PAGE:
Layers of Concern
Wednesday, March 8, 2017
LAYERS OF CONCERN: The City of Bellingham will soon release its exhaustive Community Survey, a periodic study of the stated needs and attitudes and issues of Bellingham-area residents in an effort to better shape public policy. The latest study—prepared with assistance from Western Washington University—drills a little deeper than past surveys in assembling a narrative, but its results should surprise no one:
The top three issues of concern for Bellingham are all of a package, each one serving as a layer for the next—economic insecurity, its subset housing insecurity, and its subset homelessness.
The survey verifies the 2014 ALICE survey conducted nationally by the United Way, which defines a population Asset Limited, Income Constrained, but Employed—an acronym that describes individuals and families who work hard, earn above the federal poverty level, but not enough to afford a basic household budget of housing, child care, food, transportation, and health care. This is a group often characterized as the “working poor,” but more accurately it describes a faded middle class that has been ignored politically and uncared for by public policy. The ALICE report suggests about one person in five falls into this category in Washington, or about 510,342 households. For Bellingham and Whatcom County, the portion is much higher—41 percent of the population struggles to afford basic needs, according to 2013 data.
Circling back to the Community Survey, economic insecurity describes many things, including the job market, but also the nature of those jobs.
“The Pacific Northwest now faces an economy dominated by low-paying jobs,” the ALICE report noted. “Across the Pacific Northwest, more than half of jobs pay less than $20 per hour.” About 54 percent of jobs in Washington fall into this category. “A full-time job that pays $20 per hour grosses $40,000 per year, which is less than the household survival budget for a family of four in all Pacific Northwest states.”
Limited income is attended by and worsened by limited assets, the cushion by which job insecurity might be lessened.
“The second defining feature of ALICE households is their lack of savings. Given the mismatch between the cost of living and the preponderance of low-wage jobs, accumulating assets is difficult in the Pacific Northwest,” the report authors noted. “The lack of assets makes ALICE households more vulnerable to emergencies and it also increases their costs, such as alternative financing fees and high interest rates, which limits efforts to build more assets,” producing a spiral.
Both of these factors of course feed the issue of housing insecurity, in which incomes cannot match or keep pace with home prices and in which limited assets cannot produce the down payment and affordability metrics banks and lenders require for home ownership. Housing affordability—defined as housing costs centered around 30 percent of income—is ranked “poor” in Whatcom County by the ALICE study.
When the bottom falls out—when the job that paid nothing vanishes, when the living space that cannot be afforded is foreclosed—looms the issue of homelessness.
“Ultimately, if an ALICE household cannot afford their home or it becomes too unsafe and has to be vacated, they can become homeless,” the report authors admit. “This starts a downward spiral of bad credit and destabilized work, school and family life. Some households move in with relatives. Others move to public assistance housing and homeless services, adding to government costs.” In Washington, there were 18,442 homeless people in 2013, including 1,433 homeless veterans, for a rate of 261 per 100,000 population. Overall, more than one-third of the homeless in the Pacific Northwest are homeless as families.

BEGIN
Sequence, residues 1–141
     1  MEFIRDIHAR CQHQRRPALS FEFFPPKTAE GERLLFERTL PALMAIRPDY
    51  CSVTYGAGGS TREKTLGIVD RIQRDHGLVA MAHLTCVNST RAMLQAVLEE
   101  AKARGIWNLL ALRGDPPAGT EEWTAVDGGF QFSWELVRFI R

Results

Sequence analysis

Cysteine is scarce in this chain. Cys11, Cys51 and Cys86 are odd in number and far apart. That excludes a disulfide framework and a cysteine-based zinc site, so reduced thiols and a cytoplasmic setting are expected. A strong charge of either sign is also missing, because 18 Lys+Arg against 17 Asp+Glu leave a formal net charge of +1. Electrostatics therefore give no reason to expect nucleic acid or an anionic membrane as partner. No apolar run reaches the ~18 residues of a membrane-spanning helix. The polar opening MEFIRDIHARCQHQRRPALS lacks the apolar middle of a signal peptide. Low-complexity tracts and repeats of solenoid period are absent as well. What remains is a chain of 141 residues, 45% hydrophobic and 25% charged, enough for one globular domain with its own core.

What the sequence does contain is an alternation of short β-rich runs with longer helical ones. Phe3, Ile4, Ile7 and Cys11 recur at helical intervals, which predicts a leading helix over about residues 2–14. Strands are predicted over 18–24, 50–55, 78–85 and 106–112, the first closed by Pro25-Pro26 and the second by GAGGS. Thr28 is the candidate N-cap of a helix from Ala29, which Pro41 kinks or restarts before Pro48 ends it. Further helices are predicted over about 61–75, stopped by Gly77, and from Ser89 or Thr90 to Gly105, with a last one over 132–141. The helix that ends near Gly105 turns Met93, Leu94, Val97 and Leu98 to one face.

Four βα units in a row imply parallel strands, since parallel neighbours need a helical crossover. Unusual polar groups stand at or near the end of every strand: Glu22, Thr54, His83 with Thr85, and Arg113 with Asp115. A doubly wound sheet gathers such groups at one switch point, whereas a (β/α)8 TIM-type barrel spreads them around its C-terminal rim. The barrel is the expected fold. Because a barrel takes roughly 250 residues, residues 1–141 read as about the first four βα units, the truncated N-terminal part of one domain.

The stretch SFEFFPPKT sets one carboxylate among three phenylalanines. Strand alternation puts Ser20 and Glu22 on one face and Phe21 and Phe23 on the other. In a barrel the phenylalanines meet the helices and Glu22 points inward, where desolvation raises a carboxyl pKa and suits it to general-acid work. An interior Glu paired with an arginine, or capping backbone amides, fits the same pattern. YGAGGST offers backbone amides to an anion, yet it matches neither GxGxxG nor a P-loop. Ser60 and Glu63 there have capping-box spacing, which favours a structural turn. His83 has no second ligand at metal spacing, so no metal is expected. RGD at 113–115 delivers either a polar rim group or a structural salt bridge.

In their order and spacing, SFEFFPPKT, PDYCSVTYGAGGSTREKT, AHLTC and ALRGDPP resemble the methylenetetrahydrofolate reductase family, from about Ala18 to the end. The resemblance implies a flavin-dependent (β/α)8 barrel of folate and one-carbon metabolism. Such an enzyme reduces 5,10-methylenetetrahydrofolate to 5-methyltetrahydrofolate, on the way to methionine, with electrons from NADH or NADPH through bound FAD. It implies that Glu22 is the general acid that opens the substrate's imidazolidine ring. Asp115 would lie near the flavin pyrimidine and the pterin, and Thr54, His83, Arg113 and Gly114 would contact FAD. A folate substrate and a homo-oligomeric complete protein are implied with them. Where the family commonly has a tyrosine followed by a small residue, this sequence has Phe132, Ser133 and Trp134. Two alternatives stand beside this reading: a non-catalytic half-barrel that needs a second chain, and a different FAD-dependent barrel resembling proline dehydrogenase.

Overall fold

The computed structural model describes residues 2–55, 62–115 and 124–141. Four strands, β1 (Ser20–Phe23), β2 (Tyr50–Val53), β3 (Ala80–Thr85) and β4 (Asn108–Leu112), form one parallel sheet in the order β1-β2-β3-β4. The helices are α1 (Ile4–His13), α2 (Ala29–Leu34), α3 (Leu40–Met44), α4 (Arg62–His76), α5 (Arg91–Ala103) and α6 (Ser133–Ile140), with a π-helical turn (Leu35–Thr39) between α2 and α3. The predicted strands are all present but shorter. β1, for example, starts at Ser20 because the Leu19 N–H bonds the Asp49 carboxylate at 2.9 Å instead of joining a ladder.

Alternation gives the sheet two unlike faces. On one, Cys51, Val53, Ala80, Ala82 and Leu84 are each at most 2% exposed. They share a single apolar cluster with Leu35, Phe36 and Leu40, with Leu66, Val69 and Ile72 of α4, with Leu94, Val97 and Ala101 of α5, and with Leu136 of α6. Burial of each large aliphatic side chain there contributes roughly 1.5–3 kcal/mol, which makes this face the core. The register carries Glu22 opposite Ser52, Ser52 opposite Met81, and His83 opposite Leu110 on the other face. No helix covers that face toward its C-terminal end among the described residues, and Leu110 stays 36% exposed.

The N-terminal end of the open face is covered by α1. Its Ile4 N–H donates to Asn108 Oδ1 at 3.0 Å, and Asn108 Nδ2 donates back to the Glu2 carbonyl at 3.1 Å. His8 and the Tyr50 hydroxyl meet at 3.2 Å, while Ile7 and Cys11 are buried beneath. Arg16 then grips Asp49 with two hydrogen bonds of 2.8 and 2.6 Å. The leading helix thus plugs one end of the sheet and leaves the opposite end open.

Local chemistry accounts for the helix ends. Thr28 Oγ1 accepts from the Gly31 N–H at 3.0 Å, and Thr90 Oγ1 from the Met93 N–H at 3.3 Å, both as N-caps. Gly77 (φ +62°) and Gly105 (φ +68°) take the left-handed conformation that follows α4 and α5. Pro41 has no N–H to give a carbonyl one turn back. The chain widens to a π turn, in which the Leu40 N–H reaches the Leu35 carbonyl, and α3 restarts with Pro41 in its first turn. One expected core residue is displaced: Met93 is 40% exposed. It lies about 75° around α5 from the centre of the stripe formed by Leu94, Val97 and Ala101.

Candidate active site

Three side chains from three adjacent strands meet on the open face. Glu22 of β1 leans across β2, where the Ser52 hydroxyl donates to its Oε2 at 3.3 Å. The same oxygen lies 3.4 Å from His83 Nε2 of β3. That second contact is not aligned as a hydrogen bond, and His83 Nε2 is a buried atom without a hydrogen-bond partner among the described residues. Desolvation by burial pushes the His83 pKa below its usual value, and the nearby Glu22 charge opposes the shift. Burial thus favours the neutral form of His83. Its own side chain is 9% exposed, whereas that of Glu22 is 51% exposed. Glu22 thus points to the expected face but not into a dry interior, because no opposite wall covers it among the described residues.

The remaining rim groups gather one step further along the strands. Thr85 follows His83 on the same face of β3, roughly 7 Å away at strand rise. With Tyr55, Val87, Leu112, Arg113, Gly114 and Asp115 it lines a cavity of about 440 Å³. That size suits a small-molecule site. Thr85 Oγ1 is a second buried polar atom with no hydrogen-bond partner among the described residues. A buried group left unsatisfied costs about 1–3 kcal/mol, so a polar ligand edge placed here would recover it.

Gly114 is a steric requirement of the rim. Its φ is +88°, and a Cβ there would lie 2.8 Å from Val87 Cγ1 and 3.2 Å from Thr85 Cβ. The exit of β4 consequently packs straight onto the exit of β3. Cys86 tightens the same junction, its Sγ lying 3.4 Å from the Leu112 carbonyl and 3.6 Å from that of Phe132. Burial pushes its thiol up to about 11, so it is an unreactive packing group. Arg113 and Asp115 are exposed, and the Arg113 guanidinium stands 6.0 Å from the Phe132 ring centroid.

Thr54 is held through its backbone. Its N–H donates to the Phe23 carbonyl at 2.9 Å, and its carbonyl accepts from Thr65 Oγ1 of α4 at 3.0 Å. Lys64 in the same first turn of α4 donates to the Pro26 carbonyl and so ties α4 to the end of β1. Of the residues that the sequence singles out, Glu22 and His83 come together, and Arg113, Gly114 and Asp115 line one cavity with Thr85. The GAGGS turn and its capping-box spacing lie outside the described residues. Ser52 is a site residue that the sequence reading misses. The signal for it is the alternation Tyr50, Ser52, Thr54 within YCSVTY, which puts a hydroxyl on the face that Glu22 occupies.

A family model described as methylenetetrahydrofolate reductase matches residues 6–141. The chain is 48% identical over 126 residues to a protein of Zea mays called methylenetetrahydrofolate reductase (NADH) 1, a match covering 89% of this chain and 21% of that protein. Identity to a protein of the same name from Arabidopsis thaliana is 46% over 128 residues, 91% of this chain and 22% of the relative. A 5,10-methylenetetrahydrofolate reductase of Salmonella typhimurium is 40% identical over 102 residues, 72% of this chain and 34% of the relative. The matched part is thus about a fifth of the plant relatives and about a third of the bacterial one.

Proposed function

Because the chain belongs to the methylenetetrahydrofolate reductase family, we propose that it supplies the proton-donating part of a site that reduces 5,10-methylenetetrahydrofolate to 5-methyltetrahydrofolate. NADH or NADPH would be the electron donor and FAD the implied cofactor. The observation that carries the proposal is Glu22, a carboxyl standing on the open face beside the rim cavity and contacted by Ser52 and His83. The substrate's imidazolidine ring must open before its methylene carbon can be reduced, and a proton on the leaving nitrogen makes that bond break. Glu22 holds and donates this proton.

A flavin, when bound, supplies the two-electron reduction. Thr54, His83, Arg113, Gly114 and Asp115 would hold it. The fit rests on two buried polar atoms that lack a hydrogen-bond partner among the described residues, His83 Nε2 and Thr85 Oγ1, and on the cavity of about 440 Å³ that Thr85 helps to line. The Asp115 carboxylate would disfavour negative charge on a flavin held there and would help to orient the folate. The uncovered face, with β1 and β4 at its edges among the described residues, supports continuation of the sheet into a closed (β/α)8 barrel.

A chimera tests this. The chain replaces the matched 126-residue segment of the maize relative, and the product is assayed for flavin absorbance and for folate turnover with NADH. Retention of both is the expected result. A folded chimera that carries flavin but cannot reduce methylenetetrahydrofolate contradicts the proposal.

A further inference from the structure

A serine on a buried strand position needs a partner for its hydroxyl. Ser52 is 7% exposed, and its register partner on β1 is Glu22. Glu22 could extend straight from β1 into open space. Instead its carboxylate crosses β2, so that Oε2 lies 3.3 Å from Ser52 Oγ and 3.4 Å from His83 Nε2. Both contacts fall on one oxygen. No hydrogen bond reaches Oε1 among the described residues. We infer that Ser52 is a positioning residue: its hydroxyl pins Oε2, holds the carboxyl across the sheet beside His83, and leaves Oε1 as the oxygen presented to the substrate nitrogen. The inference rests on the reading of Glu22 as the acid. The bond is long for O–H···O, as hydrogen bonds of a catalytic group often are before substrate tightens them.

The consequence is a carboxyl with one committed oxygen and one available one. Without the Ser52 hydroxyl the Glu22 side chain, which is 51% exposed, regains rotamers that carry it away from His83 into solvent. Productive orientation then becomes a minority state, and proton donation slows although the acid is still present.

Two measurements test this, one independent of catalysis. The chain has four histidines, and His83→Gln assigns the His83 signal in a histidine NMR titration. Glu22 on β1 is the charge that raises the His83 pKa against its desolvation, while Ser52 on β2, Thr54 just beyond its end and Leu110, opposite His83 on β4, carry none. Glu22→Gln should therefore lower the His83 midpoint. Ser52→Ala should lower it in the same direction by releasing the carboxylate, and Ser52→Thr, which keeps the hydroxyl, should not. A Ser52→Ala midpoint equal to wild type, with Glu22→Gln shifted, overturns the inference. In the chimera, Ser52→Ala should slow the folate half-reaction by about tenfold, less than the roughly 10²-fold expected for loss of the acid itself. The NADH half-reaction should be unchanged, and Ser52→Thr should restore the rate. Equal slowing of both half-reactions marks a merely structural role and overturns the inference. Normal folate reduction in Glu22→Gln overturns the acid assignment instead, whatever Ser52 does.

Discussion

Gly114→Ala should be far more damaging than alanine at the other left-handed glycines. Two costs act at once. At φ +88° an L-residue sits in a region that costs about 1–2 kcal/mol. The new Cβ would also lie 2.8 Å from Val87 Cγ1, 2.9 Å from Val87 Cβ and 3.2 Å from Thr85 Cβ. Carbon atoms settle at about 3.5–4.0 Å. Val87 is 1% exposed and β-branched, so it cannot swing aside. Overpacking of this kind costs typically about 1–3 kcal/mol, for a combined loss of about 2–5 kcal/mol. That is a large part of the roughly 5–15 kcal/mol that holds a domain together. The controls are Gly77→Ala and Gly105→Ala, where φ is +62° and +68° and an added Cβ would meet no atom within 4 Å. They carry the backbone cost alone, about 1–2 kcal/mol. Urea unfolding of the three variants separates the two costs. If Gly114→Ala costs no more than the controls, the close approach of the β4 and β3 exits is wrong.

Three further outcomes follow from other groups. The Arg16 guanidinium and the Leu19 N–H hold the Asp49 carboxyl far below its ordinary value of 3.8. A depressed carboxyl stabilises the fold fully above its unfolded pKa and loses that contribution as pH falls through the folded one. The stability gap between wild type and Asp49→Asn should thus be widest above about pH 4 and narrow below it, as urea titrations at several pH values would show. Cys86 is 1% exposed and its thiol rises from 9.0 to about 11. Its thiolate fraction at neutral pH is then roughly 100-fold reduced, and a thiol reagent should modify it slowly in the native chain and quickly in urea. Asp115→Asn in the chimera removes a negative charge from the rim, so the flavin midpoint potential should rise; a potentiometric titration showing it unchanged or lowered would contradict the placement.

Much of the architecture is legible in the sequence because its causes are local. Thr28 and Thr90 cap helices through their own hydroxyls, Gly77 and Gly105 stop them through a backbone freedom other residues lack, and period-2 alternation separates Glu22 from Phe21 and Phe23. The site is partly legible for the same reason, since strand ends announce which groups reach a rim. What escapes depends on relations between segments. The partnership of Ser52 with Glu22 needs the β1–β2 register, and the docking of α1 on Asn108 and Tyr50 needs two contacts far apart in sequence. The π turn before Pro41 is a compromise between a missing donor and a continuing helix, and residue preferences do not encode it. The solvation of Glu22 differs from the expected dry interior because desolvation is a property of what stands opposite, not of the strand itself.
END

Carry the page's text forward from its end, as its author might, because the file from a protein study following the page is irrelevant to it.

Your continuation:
Yet of the three issues of top concern to Bellingham residents, the third—homelessness—might be the one least encumbered and readily addressed. The city has gone a long way to find housing and shelter for those who can demonstrate means and needs, who fall into particular categories for which resources exist to assist them. The hardest nut has been that last class for whom there are few resources to assist, typically single adult men who find themselves on the street.
The mayor appears to have found this final piece, the location for a low-threshold homeless shelter that she has been searching for for more than four years. The city is partnering with Lighthouse Mission Ministries to build a 24-hour, seven-days-per-week, year-round easy-access shelter serving up to 200 people. The shelter will be located on city property near the marine trades industrial zone in Old Town.
“Like nearly every city in Western Washington, the City of Bellingham has seen a significant increase in unsheltered individuals,” Kelli Linville said. “While the city has taken significant steps to address this through outreach programs and working with housing providers, it has become evident that the community is in need of an easy-access shelter that can address short-term needs. The proposed shelter will provide a place to spend the night that is preferred over our city streets and doorways.”
Providing a safe, humane place where homeless may go also assists enforcement policy.
“We were missing the piece that when people were told to move along, they had some place to actually move along to,” Linville said. “It was cruel to push them from place to place without a preferred alternative.
“Addressing homelessness in Bellingham is a very high priority for me and for the community,” Linville said. “We know it’s a complex issue, and there is no single fix. The city continues to invest in housing and health care services and innovative court programs to address the issue. While we continue to invest in permanent housing solutions, I believe we need a shelter to address immediate needs.”